Any network of resistances, however complex, can always be reduced to a single “equivalent” resistor that relates the total flow through the network to the pressure difference across the network. Of course, one way of finding the overall resistance of a network is to perform an experiment to see how much flow goes through it for a given pressure difference between its inlet and outlet. Another approach to finding the overall resistance of a network is to calculate it from knowledge of the resistances of the individual elements in the network and how they are connected. When one looks at the overall design of the body’s vascular system, one sees two patterns: 1.the arterial, arteriolar, capillary, and venous segments are connected in series; and 2.within each segment, there are many vessels arranged in parallel.
Vessels in Series
When vessels with individual resistances R1, R2, …, Rn are connected in series, the overall resistance of the network is simply the sum of the individual resistances, as indicated by the following formula:
Rs=R1 + R2 +…+ Rn
Figure 6-3A shows an example of three vessels connected in series between some region where the pressure is Pi and another region with a lower pressure Po, so that the total pressure difference across the network, ΔP, is equal to Pi – Po. By the series resistance equation, the total resistance across this network (Rs) is equal to R1 + R2 + R3. By the basic flow equation, the flow through the network (Q) is equal to ΔP/Rs. It should be intuitively obvious that Q is also the flow (volume/time) through each of the elements in the series, as indicated in Figure 6-3B. Fluid particles may move with different velocities (distance/time) in different elements of a series network, but the volume that passes through each element in a minute must be identical.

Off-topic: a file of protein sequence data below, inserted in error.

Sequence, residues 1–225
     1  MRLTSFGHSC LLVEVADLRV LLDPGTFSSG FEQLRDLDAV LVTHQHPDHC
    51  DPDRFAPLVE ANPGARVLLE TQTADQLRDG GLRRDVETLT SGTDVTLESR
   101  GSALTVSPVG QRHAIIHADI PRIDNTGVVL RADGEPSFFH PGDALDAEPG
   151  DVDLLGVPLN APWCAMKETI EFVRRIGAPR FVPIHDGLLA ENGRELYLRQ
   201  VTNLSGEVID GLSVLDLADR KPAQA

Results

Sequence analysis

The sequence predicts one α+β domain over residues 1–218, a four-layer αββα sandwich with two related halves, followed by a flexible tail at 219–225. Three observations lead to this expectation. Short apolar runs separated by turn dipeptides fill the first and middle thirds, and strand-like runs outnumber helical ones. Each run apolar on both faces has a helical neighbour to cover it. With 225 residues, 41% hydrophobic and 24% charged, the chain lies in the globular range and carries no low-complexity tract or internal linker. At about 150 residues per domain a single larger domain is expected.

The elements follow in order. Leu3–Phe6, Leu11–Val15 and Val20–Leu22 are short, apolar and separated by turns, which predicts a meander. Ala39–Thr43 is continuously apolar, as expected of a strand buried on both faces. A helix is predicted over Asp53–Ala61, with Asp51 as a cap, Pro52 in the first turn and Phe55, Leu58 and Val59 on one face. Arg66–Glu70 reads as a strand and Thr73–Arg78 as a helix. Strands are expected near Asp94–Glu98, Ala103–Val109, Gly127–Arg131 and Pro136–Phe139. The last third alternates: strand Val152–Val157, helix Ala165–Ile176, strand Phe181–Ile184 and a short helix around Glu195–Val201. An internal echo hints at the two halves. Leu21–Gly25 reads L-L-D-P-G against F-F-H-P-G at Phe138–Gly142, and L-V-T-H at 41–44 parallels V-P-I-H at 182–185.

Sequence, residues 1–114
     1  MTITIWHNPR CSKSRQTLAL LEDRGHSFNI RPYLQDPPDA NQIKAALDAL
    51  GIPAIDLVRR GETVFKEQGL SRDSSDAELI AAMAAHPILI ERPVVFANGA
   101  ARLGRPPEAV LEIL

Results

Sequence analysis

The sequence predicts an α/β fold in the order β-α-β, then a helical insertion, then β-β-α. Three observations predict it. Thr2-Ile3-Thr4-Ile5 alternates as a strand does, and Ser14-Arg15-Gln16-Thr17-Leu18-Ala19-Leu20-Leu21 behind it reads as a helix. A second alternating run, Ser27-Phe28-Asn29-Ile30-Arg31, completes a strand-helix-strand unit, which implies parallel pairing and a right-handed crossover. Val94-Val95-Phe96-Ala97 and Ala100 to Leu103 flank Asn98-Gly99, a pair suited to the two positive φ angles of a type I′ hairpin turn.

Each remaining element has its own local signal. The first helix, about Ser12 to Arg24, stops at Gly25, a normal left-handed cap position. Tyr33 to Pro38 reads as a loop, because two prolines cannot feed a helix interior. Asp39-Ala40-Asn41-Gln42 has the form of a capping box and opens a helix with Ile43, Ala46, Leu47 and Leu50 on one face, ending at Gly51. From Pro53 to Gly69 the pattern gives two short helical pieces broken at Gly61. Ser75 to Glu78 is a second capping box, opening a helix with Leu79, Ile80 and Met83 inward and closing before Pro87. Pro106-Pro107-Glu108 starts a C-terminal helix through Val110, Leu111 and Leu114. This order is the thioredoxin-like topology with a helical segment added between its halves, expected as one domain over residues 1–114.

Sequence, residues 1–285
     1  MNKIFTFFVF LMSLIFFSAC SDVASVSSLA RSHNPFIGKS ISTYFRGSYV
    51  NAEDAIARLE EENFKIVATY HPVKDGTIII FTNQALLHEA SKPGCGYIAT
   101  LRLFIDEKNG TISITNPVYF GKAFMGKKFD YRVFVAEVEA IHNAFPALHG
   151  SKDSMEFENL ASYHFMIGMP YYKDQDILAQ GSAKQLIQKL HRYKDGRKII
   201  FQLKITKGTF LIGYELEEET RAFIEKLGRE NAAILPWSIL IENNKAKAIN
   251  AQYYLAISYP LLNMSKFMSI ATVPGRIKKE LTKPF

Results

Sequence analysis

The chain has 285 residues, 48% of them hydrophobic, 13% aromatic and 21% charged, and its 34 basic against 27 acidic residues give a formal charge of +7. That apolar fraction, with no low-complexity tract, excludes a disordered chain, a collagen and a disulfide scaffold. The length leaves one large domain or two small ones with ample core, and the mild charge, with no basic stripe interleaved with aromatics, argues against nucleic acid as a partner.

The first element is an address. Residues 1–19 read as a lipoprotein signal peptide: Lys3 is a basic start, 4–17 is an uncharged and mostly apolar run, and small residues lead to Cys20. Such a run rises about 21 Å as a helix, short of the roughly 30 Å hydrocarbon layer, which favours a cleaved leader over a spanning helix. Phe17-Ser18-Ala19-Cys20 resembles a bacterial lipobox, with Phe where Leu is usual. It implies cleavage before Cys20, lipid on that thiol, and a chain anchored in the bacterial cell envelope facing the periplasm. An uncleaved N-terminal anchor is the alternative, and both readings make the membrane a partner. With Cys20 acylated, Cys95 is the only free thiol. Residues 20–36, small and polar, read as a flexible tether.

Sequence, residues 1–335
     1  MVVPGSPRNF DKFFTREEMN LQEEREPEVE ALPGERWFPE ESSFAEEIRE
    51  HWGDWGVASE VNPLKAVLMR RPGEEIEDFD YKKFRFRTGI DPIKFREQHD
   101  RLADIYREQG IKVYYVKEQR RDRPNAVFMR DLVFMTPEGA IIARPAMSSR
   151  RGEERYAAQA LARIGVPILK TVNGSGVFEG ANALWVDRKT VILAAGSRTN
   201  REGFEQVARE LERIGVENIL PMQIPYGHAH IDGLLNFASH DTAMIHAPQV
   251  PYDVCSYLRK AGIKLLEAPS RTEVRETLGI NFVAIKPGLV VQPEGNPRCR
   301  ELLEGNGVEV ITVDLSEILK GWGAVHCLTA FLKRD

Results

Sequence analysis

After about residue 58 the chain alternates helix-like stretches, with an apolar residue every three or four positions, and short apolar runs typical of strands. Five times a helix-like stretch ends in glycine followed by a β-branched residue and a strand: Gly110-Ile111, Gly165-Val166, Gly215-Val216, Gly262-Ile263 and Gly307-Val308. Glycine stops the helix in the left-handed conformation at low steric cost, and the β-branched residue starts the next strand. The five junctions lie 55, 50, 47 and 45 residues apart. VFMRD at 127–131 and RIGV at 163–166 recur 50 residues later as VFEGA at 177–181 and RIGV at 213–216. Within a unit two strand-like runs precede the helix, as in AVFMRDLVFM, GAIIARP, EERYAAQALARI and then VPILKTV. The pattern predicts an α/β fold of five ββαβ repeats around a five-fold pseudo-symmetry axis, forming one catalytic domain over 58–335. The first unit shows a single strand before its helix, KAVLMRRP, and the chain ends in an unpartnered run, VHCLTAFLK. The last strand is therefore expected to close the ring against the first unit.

As shown in Figure 6-3C, a portion of the total pressure drop across the network occurs within each element of the series. The pressure drop across any element in the series can be calculated by apply the basic flow equation to that element, for example, ΔP1=QR1. Note that the largest portion of the overall pressure drop will occur across the element in the series with the largest resistance to flow (R2 in Figure 6-3).
One implication of the series resistance equation is that elements with the highest relative resistance to flow contribute more to the network‘s overall resistance than do elements with relatively low resistance. Therefore, high-resistance elements are inherently in an advantageous position to be able to control the overall resistance of the network and therefore the flow through it.
Vessels in Parallel
As indicated in Figure 6-4, when several tubes with individual resistances R1, R2, …, Rn are brought together to form a parallel network of vessels, one can calculate a single overall resistance for the parallel network Rp according to the following formula:
1/Rp=1/R1 + 1/R2 +…+ 1/Rn
The total flow through a parallel network is determined by ΔP/Rp. As the preceding equation implies, the overall effective resistance of any parallel network will always be less than that of any of the elements in the network. In general, the more parallel elements that occur in the network, the lower the overall resistance of the network. Thus, for example, a capillary bed that consists of many individual capillary vessels in parallel can have a very low overall resistance to flow even through the resistance of a single capillary is relatively high.